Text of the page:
Dating My Boss: Can This Work?

 By Nina Atwood

Steve writes: I have a dilemma. I recently bumped into my boss at an engagement party. We drank wine, talked, flirted, and kissed a little afterwards. I asked her out the following week and she accepted. We went out, drank some wine, had a great time, flirted and kissed again. When I dropped her off, she said we couldn’t date because of our professional relationship, saying she didn’t want to get in trouble at work. Since then, she will talk but won’t initiate a call back to me. I feel like I’m getting mixed signals. I’d like to date her but I’m confused. What should I do?

Dear Steve: First you must gain clarity about some things. One, if you didn’t work together, would she want to date you? Two, is she available? Maybe she’s dating someone else. Three, what are the consequences at work if you do date (i.e., someone loses their job)?

Mixed signals are usually a result of ambivalence, meaning that she feels one way about dating you but she also feels another way. Half of her is attracted to you and wants to see where it could go, the other half doesn’t want to lose her job/status/current boyfriend or whatever it is that she fears losing. Your job is to ferret out the real issue in a non-threatening way. Here’s what I suggest.

Call her again and lead into the conversation with something like this: “I just want you to know that I really had a good time when we met at the party and later when we went out together. I would really like to go out with you more and see where our relationship could lead, but I’m not sure it’s a good idea based on how much you’ve backed off. It would really help me if you could just tell me straight out what the issue is. You won’t hurt my feelings, I’m a big boy. But I need to know if our work circumstance is the only thing in the way, or if you’re dating someone else, or just not interested.”

Once you raise it like this, the next step is to close your mouth and listen. If she has it in her to be forthcoming, she will. You then have the opportunity to hear what she says, maybe ask a clarifying question or two, and then accept what you hear. If she says it’s really work, then ask this question: “If I were to change the situation, such as by asking for a transfer to another department, would that open the door for us to date?” If she tells you not to do that, you have your answer: it’s not about work, it’s about her low level of interest. I know it’s confusing, but people sometimes enjoy a little flirting and kissing because it makes them feel attractive and desirable, but it doesn’t necessarily mean they want a relationship.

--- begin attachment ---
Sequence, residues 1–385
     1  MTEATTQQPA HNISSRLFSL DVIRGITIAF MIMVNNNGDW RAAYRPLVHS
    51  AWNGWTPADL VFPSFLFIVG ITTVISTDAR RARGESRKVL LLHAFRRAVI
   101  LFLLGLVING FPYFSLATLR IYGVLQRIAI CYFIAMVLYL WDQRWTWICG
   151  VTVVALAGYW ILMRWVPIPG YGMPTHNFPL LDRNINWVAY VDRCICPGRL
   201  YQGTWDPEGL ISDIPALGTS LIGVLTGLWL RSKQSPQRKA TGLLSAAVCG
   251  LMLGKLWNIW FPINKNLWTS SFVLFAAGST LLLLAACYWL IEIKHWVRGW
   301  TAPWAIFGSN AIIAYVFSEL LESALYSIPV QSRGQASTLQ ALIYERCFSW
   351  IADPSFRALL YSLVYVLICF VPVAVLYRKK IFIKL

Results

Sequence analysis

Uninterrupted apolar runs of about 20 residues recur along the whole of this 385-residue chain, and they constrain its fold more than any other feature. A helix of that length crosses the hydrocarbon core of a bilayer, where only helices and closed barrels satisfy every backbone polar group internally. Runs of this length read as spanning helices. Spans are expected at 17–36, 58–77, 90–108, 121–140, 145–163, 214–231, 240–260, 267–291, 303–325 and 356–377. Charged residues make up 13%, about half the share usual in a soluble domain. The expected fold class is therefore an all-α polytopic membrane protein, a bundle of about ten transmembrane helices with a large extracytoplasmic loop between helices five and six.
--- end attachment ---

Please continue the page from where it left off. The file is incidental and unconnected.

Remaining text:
If she refuses to open up and clear the air, you also have an answer: this relationship isn’t worth it to her to bother to be honest and open. What you are looking for, Steve, is evidence that she’s geunuinely interested in you. If you find that evidence, great! The way is now clear for you to move forward, pursue, and see how far this relationship can go.

If you don’t find that evidence, let go and move on. The worst thing you can do is continue to pursue a woman who doesn’t want to be pursued, espcially when she’s your boss.

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1 Comment

  • 1. Steve Flores  |  July 5th, 2007 at 11:36 pm

    Dear Nina,

    Thank you for the awesome advice. As luck would have it, I went out of town for two weeks to attend mantadory work training. I just got back to the office on July 5th. I will take your advice and have the conversation next Monday or Tuesday. Thank you again, what you suggest makes so much sense!



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